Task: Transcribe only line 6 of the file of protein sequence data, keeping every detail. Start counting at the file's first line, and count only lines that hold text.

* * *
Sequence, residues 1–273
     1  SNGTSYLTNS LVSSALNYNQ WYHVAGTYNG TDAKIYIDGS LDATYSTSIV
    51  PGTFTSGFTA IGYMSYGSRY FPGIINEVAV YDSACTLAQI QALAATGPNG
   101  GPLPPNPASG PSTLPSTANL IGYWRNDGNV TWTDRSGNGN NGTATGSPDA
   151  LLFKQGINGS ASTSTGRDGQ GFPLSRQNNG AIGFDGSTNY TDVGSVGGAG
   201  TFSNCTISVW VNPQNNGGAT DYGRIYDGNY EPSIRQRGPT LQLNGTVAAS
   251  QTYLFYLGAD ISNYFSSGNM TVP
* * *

   201  TFSNCTISVW VNPQNNGGAT DYGRIYDGNY EPSIRQRGPT LQLNGTVAAS